Politicians always claim more credit for a good jobs market than they deserve and get more blame for a bad jobs market than they deserve. Politicians in general and presidents in particular have limited impact on the economy. Especially positive impact.
The jobs numbers have been improving, but the inflation numbers have been getting worse. This suggests that it has more to do with Federal Reserve action (or lack thereof). The money supply would seem to be growing faster than is necessary for real growth, causing some inflationary growth. To the extent that that is happening, current growth may turn out to be illusionary.
Prior to the election, some had asserted that a Donald Trump win would cause a stock market crash and a recession. That view lasted for about a day after the election and then the market started setting new records. But if that perspective had been true, we'd be headed towards recession already. And even that confuses things a bit.
Stock markets have limited impact on the overall economy. A rising stock market makes it cheaper to raise capital. A falling market means that raising capital is getting more expensive. But only a limited number of companies are raising capital. And the impact on other things like benefits is limited since the stock market as a whole is moving.
Since the election, some people are reacting as if things that they expect Donald Trump to change are going to happen. Or that Donald Trump is going to block changes that they had expected Hillary Clinton to make. That could mean that some of the growth could be credited to Trump.
The economy went into recession around 2007, after the Democrats won the Congressional elections. It was recovering around 2009 and Republicans won in 2010 for 2011. So should we credit the 2011-2015 period to Democrats (presidency and Senate majority)? Or Republicans (House and Senate filibusters)? Does it matter that Republicans also took over a majority of the governorships and state legislatures in 2010 as well?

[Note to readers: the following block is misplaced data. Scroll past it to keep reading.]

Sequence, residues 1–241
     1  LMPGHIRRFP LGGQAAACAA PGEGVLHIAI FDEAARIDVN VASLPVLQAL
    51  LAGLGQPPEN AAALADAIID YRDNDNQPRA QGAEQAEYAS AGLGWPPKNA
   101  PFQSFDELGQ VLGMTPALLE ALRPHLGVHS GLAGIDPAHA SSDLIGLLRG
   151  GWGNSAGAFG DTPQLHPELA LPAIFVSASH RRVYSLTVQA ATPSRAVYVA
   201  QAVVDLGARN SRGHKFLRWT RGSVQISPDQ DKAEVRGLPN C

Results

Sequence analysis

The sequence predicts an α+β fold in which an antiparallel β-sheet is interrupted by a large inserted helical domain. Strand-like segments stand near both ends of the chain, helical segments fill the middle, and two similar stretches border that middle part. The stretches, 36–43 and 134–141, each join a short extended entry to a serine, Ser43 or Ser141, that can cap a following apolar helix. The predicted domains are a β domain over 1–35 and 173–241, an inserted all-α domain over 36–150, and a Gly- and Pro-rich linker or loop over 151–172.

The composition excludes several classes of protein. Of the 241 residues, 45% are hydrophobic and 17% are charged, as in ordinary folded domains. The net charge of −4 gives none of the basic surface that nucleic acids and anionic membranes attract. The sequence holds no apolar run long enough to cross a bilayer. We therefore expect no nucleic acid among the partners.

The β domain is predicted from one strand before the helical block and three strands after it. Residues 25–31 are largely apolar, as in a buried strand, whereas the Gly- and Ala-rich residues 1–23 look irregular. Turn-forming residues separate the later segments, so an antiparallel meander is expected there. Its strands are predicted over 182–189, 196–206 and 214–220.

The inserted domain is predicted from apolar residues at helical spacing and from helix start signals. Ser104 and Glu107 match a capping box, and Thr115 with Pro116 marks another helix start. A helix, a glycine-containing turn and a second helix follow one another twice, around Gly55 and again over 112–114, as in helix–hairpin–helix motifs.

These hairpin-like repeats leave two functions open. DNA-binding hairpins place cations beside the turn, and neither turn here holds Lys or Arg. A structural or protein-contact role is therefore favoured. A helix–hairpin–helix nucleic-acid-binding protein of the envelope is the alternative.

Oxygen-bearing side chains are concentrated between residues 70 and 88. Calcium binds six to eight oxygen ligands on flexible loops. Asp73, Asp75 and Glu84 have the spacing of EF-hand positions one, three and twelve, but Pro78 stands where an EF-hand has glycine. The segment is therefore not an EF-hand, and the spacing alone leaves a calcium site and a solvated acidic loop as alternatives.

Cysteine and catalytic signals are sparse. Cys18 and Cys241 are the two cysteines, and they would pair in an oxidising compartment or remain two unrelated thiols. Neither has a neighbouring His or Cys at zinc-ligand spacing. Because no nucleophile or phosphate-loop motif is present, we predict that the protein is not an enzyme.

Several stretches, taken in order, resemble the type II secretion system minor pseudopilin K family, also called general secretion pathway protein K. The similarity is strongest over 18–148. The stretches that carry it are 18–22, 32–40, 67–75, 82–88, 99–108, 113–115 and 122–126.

This also changed again at the beginning of 2015, when Republicans took the Senate. With the two year lag hypothesis, that would start being felt in 2017. And a two year lag is just a convenience. For example, the housing crash had its roots in the late 1990s. George W. Bush didn't stop or reverse those trends in the 2000s, but he didn't start them either.
We'll never have a real answer though, as there's no way to falsify a hypothesis. We can't rerun the 2007-2009 period with a Republican Congress. We can't rerun the 2009-2011 period without Democrats in control of all three of the presidency, the House, and the Senate (including months with a Senate supermajority). We can't rerun the 2011-2015 period with Democrats retaining the House. So we can't say what would have happened in those cases.
It should be obvious that to the extent that actual policies matter, they can't matter if they haven't been enacted yet. Only the perception and anticipation can matter. So if Trump deserves credit now, it's purely for perception and anticipation. That said, it's entirely possible that the perception and anticipation matter more than the actual policy. Perhaps business people were simply waiting for a president who empathized with their problems to feel secure enough to hire. But that would be nearly impossible to verify or disprove, particularly on the margins.